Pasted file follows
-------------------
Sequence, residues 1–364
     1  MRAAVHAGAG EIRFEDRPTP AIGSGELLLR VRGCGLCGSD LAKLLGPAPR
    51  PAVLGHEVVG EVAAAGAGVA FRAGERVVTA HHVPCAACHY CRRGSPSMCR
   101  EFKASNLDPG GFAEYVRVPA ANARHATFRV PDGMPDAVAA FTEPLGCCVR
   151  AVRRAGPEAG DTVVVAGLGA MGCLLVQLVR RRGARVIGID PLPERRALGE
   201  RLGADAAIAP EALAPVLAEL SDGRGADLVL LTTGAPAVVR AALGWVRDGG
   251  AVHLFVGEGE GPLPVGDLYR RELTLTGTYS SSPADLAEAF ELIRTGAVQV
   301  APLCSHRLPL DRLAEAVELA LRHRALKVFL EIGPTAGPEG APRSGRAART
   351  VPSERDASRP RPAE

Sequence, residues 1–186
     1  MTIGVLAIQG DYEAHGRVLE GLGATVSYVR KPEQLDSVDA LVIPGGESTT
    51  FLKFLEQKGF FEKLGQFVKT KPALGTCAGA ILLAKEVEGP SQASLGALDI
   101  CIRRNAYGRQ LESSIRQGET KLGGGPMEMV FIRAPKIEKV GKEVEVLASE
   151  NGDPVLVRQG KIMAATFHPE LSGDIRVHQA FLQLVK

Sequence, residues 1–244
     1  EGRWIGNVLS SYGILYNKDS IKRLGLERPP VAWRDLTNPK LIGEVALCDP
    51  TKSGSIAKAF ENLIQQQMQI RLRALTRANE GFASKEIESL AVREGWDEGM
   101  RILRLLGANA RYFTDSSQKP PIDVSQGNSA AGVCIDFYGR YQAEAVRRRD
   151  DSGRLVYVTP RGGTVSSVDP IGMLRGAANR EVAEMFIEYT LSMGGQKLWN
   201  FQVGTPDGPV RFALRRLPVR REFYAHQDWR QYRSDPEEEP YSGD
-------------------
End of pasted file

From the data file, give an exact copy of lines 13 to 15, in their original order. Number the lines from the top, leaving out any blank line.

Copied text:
   101  CIRRNAYGRQ LESSIRQGET KLGGGPMEMV FIRAPKIEKV GKEVEVLASE
   151  NGDPVLVRQG KIMAATFHPE LSGDIRVHQA FLQLVK

Sequence, residues 1–244